And as for robustness, I have no idea how much rough handling the i-pad can take (because of its elegance it does seem rather fragile, but this may well not be the case), but it would have to be very robust indeed to survive the ravages of my 12 year old sons treatment. Clothes, books, bottles, lunchboxes, nothing survives the daily onslaught. His mobile phone just about survives, because it is small enough to go in his pocket, and has a case to protect it. Even so it looks pretty sorry for itself, although just about intact.

It might be argued that other devices may be equally susceptible to damage, but that isn’t the point. Someone will have to address the issue of rough treatment, and I don’t suppose it will be Apple. They are just not in that space.

You may feel that I am simply being something of a killjoy about all this, but I think I am just being practical and pragmatic. I don’t doubt, or deride, Apples achievements as innovators. But, in the world I occupy, I cannot see a ubiquitous place, per se, of the i-pad, i-phone, i-pod et al despite all the potential on offer.

In this respect, though, Apples great achievement, and it is a great achievement, is to set the standards for others to follow and I applaud them for that. But I expect to see a greater use of other devices for education, netbooks for a while, making way for smartphones that can be had free on very low tariffs, gaming consoles like PS3 and x-Box, others like the DS and of course the brilliantly conceived Wii.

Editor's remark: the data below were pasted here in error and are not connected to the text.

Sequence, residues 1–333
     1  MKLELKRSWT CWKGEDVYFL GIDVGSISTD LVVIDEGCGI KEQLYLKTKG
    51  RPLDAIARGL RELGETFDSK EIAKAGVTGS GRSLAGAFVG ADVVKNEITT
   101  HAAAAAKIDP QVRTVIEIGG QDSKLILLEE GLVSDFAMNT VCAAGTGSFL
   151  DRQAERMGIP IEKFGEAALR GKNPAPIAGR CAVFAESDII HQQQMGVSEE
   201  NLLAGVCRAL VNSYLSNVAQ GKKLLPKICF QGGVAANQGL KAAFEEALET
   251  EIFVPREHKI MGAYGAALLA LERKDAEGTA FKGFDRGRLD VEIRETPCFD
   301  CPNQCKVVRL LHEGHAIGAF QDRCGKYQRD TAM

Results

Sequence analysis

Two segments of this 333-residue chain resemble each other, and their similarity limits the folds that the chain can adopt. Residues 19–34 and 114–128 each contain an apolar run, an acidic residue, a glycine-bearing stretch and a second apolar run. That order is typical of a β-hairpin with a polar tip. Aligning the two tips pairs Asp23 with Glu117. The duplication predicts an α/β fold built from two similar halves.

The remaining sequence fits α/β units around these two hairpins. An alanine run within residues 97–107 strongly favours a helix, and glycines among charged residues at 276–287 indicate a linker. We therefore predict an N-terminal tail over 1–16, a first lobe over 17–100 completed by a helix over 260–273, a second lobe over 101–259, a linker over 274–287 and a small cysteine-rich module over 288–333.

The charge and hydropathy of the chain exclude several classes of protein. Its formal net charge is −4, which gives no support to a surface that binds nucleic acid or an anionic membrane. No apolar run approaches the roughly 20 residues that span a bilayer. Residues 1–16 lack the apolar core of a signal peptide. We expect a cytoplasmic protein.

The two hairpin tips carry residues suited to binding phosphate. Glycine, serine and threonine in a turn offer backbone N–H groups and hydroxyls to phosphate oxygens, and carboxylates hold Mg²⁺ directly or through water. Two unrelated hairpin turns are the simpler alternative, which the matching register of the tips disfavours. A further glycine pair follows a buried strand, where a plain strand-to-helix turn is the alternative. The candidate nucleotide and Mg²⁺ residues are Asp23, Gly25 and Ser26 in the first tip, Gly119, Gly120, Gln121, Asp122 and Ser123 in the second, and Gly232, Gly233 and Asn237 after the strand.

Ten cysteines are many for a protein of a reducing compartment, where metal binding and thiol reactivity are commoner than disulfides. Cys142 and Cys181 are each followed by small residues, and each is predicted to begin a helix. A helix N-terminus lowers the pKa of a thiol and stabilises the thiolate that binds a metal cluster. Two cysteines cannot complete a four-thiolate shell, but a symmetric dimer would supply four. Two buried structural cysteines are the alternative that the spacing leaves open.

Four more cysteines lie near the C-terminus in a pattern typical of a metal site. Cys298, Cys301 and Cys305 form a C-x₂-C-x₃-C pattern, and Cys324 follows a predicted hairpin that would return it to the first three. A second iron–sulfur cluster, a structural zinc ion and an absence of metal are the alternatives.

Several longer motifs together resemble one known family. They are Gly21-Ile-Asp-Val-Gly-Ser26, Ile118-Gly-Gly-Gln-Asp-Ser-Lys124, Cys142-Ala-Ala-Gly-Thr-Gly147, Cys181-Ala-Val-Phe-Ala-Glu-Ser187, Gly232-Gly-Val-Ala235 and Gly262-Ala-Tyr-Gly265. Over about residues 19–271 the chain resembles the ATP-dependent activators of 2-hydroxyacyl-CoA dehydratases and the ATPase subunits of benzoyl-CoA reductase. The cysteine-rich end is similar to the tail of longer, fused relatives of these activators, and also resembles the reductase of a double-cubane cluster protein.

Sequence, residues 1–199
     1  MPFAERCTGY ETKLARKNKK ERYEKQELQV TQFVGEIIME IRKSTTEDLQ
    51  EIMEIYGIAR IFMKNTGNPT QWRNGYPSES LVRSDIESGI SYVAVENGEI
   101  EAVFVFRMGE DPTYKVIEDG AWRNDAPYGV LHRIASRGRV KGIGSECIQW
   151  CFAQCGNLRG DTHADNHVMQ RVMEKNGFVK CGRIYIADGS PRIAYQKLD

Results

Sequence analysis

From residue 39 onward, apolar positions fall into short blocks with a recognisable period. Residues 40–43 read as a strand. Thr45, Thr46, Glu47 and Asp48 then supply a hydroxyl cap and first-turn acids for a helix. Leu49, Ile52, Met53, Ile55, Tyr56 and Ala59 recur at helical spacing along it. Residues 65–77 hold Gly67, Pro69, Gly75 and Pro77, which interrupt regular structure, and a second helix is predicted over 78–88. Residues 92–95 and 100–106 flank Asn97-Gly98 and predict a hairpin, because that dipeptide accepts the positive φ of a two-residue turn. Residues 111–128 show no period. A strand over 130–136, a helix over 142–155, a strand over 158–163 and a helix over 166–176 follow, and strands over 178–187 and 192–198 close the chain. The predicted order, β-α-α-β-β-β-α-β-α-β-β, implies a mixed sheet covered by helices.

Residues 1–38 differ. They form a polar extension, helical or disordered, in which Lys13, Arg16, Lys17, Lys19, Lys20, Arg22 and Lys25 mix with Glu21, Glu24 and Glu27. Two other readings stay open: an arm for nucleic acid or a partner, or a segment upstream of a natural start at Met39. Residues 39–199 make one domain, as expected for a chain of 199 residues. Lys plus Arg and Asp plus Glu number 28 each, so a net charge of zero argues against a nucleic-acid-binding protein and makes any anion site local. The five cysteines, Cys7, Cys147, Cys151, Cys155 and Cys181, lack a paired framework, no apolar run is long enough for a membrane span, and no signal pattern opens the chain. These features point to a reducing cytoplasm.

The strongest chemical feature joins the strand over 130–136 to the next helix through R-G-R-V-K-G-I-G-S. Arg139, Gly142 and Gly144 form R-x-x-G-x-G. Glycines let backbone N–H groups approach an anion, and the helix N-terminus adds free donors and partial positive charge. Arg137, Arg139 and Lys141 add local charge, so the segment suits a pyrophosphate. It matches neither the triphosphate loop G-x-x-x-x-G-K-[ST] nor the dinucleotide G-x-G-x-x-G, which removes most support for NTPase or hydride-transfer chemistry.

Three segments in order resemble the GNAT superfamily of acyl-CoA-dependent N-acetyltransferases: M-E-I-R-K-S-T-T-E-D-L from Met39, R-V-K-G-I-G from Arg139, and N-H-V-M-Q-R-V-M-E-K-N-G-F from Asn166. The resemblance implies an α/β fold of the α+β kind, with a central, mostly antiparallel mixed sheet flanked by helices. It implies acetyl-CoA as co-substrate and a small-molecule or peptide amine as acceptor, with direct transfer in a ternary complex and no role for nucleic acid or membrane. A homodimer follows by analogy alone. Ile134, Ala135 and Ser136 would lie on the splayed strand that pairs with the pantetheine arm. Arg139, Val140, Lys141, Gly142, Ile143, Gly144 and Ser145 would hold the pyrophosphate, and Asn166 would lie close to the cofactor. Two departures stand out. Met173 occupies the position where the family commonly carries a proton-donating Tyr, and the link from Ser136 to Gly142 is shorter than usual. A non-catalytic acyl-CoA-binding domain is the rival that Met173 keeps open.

January 28, 2010 at 5:42 pm 9 comments

Widdicombe or snowman

I know it is a long time gone but just reflecting on the controversy over school closures due to the recent snow I note an article in this weeks TES in which a headmaster of a primary school in London is quoted as saying;

‘…..children all over the country stayed at home, had a wonderful time playing in the snow, and probably learned twice as much as they would have done at school.’

This is in stark contrast to Ann Widdicombe’s comment that the closure of schools just showed how lily livered we had all become, no stiff upper lip and all that.

I’m sure the concept that young people can have fun whilst learning is somewhat alien to her as indeed it is to many of the teachers and parents I talk to. The view that somehow education has to have some stern aspects to it if it is to be considered serious can be very deep rooted.

In turn this leads to rejection of the idea of games based learning regardless of any evidence of its potential effectiveness. By games I mean any type of game, whether technology based, or simply building a snowman.

Yet, almost all people I talk to who have endured our education system have a tale about a particular subject they enjoyed because the teacher ‘brought it to life’, made it fun, and subjects that have been rejected because their teacher made it boring.

This dependence on the vagaries of different teachers introduces an unacceptable inconsistency into the classroom.

Better an individualised approach where the learner is able to take advantage of a variety of learning resources, including teachers, to learn according to their own proclivities. This does mean that the teacher is a resource amongst other resources to be called upon, or not.

The natural progression of this is that those teachers who are most fun will be in demand with those who are no fun eventually redundant – a sort of self regulating environment.

I wonder how long Ann Widdicombe would last then.

March 4, 2009 at 5:39 pm Leave a comment


Mick Landmann on education, digital technology, and the 21st century